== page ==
Author, podcast host, speaker and business adviser Catherine Weetman is an expert of the circular economy. Working for Kellogg’s and Tesco led her to focus on circular solutions in manufacturing and retail.
Weetman launched the circular economy consultancy Rethink Global in 2013 and published A Circular Economy Handbook for Business and Supply Chains in 2020. In the Circular Economy Podcast, her wide-ranging conversations with inspiring leaders ask hard questions and strike the balance between optimism and realism.
I connected recently with Weetman via Zoom to learn how both established and disruptive companies can advance circular economy principles.
Kori Goldberg: Over 120 podcasts, you’ve had conversations with people from many industries making real-world impact. What are some of the recurring themes?
Catherine Weetman: When disruptors get going with circular solutions, they don’t have to do much marketing; people are waiting for it, they want to tell all their friends. So there’s a real pull effect when companies are doing proper circular things. But established business leaders really struggle to make the business case…
Circular materials are generally a false solution. This idea that we can just switch to recycled or regenerative materials, that’s a big tick in the box. But the footprint, whether it’s carbon impact or ecological destruction, or pollution that’s ending up in our food and water systems, occurs at every stage of the production-and-use process.
So when it comes to trying to then make a big shift away from this typical strategy to sell more… breaking away from that is really hard for existing businesses.
Goldberg: So companies are struggling to see a path towards profitability that isn’t just the usual “sell more” model. What are some of the most critical challenges hindering widespread adoption of the circular economy principles?
Weetman: Businesses struggle to think about how to create stakeholder value. Everybody’s so focused on “costs down, profits go up; sell more, profits go up.” That’s a one-dimensional mindset.
They need to be thinking about multiple forms of value. That could be making someone feel better about the impact of their purchase on the environment, that they’ve supported fair labor practices, craftsmanship, that kind of thing.
And the same applies to investors, insurers, everybody who’s a stakeholder. Mindsets are starting to shift around: How is this business going to be future-fit? Is it really going to carry on into the future or is there something that’s going to undermine it? How do we move towards something more circular, more resilient, more locally distributed and less reliant on this long, complex, opaque global supply chain?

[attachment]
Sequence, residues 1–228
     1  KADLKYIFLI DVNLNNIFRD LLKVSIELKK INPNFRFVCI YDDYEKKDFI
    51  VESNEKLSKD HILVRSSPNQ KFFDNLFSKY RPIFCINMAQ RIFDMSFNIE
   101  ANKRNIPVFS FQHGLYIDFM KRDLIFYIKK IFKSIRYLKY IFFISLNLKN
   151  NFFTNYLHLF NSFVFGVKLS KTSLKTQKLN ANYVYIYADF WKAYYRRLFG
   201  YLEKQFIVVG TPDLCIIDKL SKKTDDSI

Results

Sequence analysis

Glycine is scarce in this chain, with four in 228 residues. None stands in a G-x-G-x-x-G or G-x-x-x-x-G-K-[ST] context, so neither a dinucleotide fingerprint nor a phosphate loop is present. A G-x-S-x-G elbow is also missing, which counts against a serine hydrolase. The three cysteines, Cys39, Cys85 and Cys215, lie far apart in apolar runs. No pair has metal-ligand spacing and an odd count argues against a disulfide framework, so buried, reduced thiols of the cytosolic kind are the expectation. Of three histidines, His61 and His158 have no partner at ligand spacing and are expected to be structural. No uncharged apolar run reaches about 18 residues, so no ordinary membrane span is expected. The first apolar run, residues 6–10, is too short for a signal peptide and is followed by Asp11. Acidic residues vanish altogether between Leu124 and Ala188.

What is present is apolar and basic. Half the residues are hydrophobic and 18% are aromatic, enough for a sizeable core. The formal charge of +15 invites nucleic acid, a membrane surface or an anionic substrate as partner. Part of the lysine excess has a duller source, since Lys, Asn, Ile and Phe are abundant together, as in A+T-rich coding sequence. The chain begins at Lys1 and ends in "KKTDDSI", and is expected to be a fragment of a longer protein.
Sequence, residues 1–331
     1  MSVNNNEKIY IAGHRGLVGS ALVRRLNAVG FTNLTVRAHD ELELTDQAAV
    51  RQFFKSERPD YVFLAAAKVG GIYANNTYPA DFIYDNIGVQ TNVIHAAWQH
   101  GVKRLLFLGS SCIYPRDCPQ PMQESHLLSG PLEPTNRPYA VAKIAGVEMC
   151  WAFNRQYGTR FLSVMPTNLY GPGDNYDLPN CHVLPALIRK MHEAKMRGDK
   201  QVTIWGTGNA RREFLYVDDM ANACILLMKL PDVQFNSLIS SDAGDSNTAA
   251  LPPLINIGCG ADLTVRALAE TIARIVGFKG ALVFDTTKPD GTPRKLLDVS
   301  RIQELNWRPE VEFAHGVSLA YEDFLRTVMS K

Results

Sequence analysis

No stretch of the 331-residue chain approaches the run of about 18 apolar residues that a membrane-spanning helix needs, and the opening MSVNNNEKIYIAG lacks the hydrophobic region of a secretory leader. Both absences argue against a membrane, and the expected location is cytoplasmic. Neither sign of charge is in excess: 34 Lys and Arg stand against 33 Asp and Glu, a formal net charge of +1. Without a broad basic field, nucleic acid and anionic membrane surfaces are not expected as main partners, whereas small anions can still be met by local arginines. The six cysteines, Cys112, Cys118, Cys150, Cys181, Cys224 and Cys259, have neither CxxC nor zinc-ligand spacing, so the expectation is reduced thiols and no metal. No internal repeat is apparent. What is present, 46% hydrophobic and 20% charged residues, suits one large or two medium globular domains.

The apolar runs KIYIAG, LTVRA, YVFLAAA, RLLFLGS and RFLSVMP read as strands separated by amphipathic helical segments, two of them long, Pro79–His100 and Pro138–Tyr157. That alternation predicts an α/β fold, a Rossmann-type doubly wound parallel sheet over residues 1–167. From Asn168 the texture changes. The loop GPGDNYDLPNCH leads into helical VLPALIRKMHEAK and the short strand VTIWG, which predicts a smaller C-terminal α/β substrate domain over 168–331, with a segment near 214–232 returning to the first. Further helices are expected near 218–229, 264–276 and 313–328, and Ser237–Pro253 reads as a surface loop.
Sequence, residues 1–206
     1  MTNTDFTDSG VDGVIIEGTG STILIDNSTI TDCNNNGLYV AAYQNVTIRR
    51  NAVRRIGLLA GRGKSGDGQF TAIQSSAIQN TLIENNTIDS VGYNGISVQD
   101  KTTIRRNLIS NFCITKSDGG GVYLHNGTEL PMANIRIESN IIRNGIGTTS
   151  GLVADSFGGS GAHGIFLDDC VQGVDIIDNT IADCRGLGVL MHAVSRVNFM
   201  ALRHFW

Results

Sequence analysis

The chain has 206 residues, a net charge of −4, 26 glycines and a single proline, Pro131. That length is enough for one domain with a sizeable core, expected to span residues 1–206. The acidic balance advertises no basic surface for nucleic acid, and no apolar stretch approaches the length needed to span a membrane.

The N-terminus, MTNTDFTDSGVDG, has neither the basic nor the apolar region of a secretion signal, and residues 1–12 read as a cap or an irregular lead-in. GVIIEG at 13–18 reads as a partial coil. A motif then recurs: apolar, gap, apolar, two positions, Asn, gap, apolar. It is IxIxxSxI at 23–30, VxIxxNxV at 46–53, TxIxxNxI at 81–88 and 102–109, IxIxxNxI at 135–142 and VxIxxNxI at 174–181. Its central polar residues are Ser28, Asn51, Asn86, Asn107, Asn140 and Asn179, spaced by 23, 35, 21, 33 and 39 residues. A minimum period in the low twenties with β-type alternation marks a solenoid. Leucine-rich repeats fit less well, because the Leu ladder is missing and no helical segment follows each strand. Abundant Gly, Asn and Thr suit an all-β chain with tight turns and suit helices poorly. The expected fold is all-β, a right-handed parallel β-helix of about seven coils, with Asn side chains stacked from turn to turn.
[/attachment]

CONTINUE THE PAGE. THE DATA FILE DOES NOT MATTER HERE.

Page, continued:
Goldberg: How can the established companies start to make more strategic shifts towards circularity?
Clayton Christensen (who wrote “The Innovator’s Dilemma“) established this theory of how big, established companies get stuck in their niche and can’t innovate their way out of it… One of the things that Christensen said was to talk to your non-customers. Even for a business like Walmart, there are still more non-customers than customers. Think about why they’re not buying from you, and find out what they want.
Goldberg: What advice would you offer the next generation of leaders and entrepreneurs… aspiring to accelerate the circular economy?
Weetman: How can you create multiple forms of value? It’s not just about achieving a particular price tag or trying to make something that’s shareable. You have to really think about what’s not working for the user from the current system.
Thinking about non-customers as well: Who else might want this if it suddenly becomes affordable, or if you can rent it instead of having to buy it?
My three watchwords are, first, affordable; that means good value. It doesn’t mean just low cost; it means getting really good value for money. A low annual cost to own, quality. We want good functionality, multiple functions, if possible.
Second, making sure it’s accessible. Is it easy to get hold of? Can you use it instead of having to own it? Avoiding the burden of ownership, making things convenient.
The last thing is acceptable — socially, ethically and environmentally acceptable, because people want to be good citizens and not be making a choice that ends up “stealing the future,” to use a term from Paul Hawken.
You also have to think about systems scale, feedback loops and how can you test and iterate. …Really think about risks. What if policies or geopolitical conditions change? Start small and think about how to scale out, not scale up… it’s not about building big monoliths anymore. It’s about being local, resilient, adaptable and agile.
Goldberg: Which industries or sectors have shown the most promising advancements towards circularity, and what lessons can other industries learn from these?
Weetman: I’m talking to you through a remanufactured Dell laptop, but it was really manufactured by a company called Circular Computing, and they manufacture other high quality brands, laptops. And then there [are] examples like Fairphone, with the modular design and fair materials. …Apple [is] doing an amazing range of things, but it’s nearly all at the kind of pilot stage.
And then in terms of sort of long established circular practices…we’ve got companies like Caterpillar [that have been] remanufacturing for decades, and it’s the most profitable part of their businesses. …When you think about innovative and circular, you don’t think of a company that’s been around for 75 years.